Color, 2008, 96m.
Directed by Ryan Nicholson
Starring Dan Ellis, Nathan Witte, Mihola Terzic, Alastair Gamble, Candice Lewald
Plotdigger (Canada R0 NTSC), Shock (Austria R0 PAL), TLA (US R1 NTSC), Neo (France R2 PAL) KNM (Germany R2 PAL) / WS (1.85:1) (16:9)
A deliberate attempt to make the most extreme, repugnant slasher film imaginable, Gutterballs is a neon-drenched genre offering with all of its exploitative elements exaggerated so far that good taste is left in the dust within the first 90 seconds. Apart from racking up one of the highest profanity counts in movie history, it's a film drenched in gore, verbal venom, sexual violence and mutilation, Canadian vintage rock, and gaudy '80s color schemes. Love it or hate it, there's never been anything else quite like it.
At the Xcalibur bowling alley, a bunch of foul-mouthed jerks get together after hours to bowl thanks to a permissive janitor. The worst of the bunch is Steve (Gamble), a bully who winds up leading a gang rape against Lisa (Lewald), the girl who jilted him and crushed his foot with a bowling ball during an altercation. The next night, Lisa (possessing miraculous recuperative powers considering what she endured with a bowling pin) returns to the scene of the crime where another night of fun and games is in progress. However, a mystery player named BBK has shown up on the scoreboard, and the splattery, bowling-themed body count quickly begins.
Featuring a gory death every few minutes or so and a mean streak a skyscraper wide, Gutterballs spares no one and manages to one up itself even after the grueling, now infamous early rape sequence. A transvestite probably gets the worst of it in the film's tasteless apex, but there's also a pretty unforgettable death by 69 sequence (involving some jolting, very realistic prosthetics) and other juvenile outrages ensuring you'll rarely be bored even if you desperately want to see every character dispatched right away. The storyline is basically Intruder with bowling pins, of course, and the film seriously overplays its hand during the finale, which tries to outdo Tenebrae for sheer climactic carnage but resorts to at least three twists too many. That said, it has a certain guttersnipe ferocity that makes it hard to turn away from the screen, and the decision to pepper the soundtrack with tunes by bands like Saga and Loverboy was a smart one. (Unfortunately some of those are missing from the American DVD release from TLA's Danger After Dark label, which is now strangely very difficult to track down.)
The first DVD of Gutterballs to make it down the alley came directly from Plotdigger Films, the imprint of director Ryan Nicholson (who also directed Live Feed and tried to outdo this with the grotesque abortion splatter film Hangar). That one was fully uncut and contained an amusing director's commentary, a 42-minute making-of featuring behind-the-scenes footage (lots of latex and grue here) and interviews with the cast and crew, a trailer, and a stills gallery. That same package was essentially replicated for the aforementioned American version, which just sported those soundtrack changes and apparently went out of circulation fairly quickly. The uncut version also surfaced as a special edition in France as a double-disc edition along with a stripped-down single variant, while Germany got a brutally censored cut that's best avoided at all costs. The one common denominator all of these releases share is that they all look pretty lousy, though for different reasons. The Plotdigger release is presented in an anamorphic 1.78:1 transfer but looks weirdly squished, and even when switched over to 4:3 it doesn't really seem right either. The other releases are all pretty murky and unimpressive, though the neon colors look nice and bright. Most are 2.0 surround though the Danger After Dark disc has a 5.1 mix, which doesn't make a huge difference.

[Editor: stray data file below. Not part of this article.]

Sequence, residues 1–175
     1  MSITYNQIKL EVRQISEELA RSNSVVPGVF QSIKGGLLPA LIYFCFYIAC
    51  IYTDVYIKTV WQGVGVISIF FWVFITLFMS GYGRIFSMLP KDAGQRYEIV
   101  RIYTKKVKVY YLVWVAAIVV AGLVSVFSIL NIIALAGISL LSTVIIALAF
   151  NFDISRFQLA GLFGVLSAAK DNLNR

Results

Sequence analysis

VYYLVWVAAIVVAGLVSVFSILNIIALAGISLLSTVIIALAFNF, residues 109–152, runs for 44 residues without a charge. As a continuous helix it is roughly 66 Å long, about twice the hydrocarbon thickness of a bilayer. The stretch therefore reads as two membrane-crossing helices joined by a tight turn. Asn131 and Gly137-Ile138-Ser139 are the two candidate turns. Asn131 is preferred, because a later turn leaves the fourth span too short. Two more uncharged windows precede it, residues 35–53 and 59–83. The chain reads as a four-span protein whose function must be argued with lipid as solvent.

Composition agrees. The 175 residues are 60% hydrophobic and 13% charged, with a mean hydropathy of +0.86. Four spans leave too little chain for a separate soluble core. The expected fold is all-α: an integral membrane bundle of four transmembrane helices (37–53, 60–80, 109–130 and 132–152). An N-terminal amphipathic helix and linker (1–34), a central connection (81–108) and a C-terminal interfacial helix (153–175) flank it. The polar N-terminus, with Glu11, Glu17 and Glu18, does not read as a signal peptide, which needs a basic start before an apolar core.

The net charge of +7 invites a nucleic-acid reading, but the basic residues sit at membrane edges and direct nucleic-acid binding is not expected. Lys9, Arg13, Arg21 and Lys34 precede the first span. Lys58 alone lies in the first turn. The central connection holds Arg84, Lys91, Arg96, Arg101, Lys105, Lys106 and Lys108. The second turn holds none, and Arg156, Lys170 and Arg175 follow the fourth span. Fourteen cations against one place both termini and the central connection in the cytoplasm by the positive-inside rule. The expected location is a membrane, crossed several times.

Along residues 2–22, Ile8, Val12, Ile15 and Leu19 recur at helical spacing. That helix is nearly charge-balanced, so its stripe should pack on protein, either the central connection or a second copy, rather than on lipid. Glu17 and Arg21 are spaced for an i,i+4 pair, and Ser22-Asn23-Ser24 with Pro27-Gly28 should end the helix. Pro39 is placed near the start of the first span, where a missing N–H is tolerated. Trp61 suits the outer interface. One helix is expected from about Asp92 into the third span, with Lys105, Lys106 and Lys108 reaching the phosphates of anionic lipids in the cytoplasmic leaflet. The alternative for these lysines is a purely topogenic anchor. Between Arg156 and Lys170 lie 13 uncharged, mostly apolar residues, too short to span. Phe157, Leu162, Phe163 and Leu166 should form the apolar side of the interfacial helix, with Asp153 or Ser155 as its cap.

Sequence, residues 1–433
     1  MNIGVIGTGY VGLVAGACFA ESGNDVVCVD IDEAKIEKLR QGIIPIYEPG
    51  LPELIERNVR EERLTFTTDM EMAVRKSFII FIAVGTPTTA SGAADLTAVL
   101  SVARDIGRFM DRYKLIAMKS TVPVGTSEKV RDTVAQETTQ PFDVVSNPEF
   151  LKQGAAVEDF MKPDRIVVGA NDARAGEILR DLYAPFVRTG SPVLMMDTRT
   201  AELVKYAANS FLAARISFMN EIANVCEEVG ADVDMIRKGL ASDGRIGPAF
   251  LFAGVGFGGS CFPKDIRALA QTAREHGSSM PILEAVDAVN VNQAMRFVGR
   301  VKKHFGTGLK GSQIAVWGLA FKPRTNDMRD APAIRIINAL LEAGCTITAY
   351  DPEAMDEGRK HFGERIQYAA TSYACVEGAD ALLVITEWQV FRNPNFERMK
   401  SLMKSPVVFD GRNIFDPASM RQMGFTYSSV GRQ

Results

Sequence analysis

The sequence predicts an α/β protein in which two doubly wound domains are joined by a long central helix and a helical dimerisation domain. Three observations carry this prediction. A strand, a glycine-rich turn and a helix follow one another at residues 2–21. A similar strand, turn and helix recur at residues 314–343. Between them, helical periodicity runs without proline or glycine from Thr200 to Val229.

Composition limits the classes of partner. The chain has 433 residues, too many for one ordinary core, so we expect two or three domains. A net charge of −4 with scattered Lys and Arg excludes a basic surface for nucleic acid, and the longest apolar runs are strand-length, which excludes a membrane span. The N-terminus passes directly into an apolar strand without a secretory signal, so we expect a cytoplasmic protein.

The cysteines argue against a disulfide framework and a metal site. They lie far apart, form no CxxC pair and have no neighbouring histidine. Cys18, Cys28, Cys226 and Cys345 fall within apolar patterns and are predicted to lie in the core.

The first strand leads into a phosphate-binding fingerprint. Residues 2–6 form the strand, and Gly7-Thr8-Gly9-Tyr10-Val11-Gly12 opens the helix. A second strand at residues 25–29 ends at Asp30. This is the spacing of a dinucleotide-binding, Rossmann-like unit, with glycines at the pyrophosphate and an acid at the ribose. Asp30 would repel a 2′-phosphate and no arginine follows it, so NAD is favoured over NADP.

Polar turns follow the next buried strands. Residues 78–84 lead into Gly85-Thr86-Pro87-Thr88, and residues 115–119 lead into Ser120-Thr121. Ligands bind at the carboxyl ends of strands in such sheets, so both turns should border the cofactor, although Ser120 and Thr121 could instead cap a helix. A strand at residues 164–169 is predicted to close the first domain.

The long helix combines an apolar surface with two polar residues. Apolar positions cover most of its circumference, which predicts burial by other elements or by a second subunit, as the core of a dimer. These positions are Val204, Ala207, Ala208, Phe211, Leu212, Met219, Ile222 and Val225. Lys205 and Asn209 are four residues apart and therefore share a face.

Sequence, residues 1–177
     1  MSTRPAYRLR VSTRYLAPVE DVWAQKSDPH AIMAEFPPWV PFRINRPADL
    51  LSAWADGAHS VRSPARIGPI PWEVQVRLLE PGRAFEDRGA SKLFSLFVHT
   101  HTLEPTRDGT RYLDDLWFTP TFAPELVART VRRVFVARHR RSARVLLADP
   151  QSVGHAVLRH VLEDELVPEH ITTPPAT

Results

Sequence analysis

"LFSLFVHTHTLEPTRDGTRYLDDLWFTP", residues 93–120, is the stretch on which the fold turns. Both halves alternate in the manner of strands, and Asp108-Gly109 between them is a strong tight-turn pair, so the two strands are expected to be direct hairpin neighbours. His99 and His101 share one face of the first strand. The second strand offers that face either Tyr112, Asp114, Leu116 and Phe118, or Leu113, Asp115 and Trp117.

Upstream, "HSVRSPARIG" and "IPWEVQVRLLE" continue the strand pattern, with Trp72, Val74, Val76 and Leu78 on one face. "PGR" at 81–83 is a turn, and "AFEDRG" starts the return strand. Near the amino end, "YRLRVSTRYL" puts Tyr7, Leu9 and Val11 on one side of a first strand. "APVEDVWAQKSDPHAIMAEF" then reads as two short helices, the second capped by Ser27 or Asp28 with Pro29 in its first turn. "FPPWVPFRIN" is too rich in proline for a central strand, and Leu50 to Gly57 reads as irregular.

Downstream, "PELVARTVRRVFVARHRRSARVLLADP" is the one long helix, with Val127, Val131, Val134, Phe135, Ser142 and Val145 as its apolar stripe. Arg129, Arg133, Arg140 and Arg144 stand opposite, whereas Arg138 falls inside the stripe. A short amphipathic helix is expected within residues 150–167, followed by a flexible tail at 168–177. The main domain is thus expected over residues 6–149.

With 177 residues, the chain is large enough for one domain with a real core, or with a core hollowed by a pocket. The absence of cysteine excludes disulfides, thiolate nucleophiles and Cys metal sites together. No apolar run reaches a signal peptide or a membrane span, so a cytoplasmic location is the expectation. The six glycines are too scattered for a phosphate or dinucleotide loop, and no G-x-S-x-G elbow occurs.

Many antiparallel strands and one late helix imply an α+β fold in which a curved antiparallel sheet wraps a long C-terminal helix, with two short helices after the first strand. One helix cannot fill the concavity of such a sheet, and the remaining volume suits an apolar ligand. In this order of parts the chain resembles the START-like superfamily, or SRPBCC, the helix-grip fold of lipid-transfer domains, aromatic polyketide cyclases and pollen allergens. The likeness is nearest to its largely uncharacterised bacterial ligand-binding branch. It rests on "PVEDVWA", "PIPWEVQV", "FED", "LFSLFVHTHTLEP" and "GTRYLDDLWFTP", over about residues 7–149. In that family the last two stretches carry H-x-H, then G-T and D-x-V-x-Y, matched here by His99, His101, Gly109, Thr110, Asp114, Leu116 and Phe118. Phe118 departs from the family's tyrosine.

Perhaps the weirdest wrinkle came a few years later when Plotdigger issued a very limited (69 copies, of course) "Pin-etration Edition," which manages to make the pool table rape scene even fouler with the addition of brief hardcore insert shots involving something that really doesn't look like a bowling pin at all. It certainly makes the film even more extreme, of course, though whether that's a worthwhile thing is going to be up to personal taste. Not surprisingly, that disc went out of stock very quickly, but an Austrian version managed to pick up the slack for a wider audience. It's essentially no frills (just a gallery as an extra) and still looks very dark and mushy (perhaps this film just wasn't meant to ever look all that good), but if you want to see this even nastier alternate presentation, this is probably going to be the only option for quite a while.
Reviewed on September 17, 2013.